First images of cells exposed to COVID-19 vaccine reveal native-like Coronavirus spikes
2021-04-07
New research has for the first time compared images of the protein spikes that develop on the surface of cells exposed to the Oxford-AstraZeneca vaccine to the protein spike of the SARS-CoV-19 coronavirus. The images show that the spikes are highly similar to those of the virus and support the modified adenovirus used in the vaccine as a leading platform to combat COVID-19. The SARS-CoV-2 virus, which causes COVID-19, has a large number of spikes sticking out of its surface that it uses to attach to, and enter, cells in the human body. These spikes are coated in sugars, known as ...

'Patchwork' tumors prevalent across multiple cancer types

2021-04-07
Researchers at the Francis Crick Institute, as part of an international collaboration of scientists through the Pan-Cancer Analysis of Whole Genomes Consortium, have analysed the whole genomes of tumour samples from over 2,600 patients with different types of cancer. They identified a high prevalence of genetic diversity within individual tumours, which they further characterised. Their findings confirm that, even at late stages of development, tumour evolution is driven by changes that benefit the cancer. When cancer cells divide, errors occur in the process of copying their DNA. These copying errors mean that different tumours can be made up of cells presenting a wide range of genetic diversity. This variation is a challenge for doctors as a treatment that ...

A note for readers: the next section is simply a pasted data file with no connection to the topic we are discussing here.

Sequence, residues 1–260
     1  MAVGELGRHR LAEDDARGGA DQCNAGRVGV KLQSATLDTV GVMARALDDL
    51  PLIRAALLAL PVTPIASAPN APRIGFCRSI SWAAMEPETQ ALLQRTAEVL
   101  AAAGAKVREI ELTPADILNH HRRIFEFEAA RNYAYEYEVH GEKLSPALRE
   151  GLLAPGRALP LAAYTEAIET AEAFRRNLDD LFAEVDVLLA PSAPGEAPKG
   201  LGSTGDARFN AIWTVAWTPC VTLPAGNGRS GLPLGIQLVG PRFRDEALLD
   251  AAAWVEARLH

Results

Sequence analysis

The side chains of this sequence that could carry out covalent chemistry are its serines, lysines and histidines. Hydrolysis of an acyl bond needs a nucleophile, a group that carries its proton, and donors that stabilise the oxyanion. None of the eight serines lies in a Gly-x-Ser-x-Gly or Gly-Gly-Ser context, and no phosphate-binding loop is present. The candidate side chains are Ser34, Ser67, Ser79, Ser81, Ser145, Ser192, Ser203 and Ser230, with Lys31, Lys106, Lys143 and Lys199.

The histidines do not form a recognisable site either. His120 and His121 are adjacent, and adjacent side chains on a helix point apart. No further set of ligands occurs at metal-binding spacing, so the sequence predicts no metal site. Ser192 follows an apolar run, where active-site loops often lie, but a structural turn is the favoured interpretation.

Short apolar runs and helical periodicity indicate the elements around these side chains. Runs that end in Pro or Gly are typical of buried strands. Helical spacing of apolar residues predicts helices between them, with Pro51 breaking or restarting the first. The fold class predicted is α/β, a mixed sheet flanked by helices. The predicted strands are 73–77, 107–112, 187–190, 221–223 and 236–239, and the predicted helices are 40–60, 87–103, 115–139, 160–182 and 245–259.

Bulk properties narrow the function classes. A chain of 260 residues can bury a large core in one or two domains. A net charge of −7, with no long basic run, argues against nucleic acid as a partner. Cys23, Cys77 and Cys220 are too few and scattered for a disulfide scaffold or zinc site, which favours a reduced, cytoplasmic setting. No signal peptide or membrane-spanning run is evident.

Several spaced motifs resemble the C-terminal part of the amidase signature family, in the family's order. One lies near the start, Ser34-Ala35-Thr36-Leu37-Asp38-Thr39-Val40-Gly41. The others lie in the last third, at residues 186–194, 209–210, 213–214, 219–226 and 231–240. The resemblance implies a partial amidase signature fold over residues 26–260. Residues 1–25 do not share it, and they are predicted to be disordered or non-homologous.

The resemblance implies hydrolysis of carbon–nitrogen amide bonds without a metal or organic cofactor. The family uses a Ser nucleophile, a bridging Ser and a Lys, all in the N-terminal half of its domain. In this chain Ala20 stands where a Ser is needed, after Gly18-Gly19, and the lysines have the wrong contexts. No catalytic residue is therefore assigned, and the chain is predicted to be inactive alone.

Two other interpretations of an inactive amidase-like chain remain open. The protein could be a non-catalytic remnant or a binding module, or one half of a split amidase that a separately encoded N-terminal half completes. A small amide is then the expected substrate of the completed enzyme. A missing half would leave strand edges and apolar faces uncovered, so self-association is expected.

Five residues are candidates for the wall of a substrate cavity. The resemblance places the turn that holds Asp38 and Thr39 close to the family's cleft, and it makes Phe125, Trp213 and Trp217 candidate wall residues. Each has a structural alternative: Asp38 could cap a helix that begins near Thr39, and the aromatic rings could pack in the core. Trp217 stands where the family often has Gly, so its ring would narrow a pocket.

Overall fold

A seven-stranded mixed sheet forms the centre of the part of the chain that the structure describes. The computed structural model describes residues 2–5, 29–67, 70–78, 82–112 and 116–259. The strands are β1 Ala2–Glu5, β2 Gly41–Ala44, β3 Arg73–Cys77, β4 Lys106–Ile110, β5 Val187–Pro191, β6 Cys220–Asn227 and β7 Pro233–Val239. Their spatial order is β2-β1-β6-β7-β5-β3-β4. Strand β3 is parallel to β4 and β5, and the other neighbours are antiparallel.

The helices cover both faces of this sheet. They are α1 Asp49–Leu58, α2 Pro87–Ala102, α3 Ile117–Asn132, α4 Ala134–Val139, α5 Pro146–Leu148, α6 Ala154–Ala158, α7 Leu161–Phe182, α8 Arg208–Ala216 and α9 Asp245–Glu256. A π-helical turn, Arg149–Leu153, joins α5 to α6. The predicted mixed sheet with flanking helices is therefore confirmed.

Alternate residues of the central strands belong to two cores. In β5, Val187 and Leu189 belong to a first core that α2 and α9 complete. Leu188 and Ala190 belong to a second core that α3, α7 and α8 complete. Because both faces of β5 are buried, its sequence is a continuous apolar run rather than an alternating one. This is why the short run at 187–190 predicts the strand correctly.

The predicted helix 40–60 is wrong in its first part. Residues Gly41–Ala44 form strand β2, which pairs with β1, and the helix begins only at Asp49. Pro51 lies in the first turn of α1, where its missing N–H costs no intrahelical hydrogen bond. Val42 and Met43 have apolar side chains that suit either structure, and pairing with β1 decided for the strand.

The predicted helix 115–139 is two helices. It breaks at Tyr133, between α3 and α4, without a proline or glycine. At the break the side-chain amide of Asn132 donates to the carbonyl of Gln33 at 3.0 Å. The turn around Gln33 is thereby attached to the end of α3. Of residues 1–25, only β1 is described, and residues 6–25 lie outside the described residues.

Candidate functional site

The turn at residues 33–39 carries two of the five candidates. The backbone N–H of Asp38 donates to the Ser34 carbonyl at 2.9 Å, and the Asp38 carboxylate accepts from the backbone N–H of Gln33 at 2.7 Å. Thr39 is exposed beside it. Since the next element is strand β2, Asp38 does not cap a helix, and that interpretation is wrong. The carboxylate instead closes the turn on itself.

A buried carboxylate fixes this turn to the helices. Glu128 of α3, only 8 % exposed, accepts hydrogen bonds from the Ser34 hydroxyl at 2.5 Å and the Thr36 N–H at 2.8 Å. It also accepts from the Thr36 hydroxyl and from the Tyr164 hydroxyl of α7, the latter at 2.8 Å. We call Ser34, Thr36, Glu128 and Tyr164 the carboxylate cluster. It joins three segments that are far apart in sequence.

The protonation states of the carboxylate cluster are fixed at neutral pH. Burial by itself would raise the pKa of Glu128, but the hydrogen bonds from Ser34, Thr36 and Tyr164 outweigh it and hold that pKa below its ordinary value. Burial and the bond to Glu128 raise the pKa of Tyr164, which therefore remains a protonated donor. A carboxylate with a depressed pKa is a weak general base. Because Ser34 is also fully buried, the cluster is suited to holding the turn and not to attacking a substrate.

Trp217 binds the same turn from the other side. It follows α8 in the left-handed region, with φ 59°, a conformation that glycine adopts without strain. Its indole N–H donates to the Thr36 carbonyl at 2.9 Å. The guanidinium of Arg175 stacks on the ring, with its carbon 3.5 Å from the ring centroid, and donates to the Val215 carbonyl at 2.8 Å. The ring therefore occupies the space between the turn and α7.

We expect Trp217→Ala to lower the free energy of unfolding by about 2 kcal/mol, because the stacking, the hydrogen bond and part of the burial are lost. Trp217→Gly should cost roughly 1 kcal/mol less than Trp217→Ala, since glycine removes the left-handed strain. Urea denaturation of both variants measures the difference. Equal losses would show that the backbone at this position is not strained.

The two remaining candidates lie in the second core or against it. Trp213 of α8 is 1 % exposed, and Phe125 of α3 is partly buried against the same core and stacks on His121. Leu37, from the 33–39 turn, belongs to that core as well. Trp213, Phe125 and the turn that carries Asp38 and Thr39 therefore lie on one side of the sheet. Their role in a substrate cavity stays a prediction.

The opportunities and risks of digitalization for sustainable development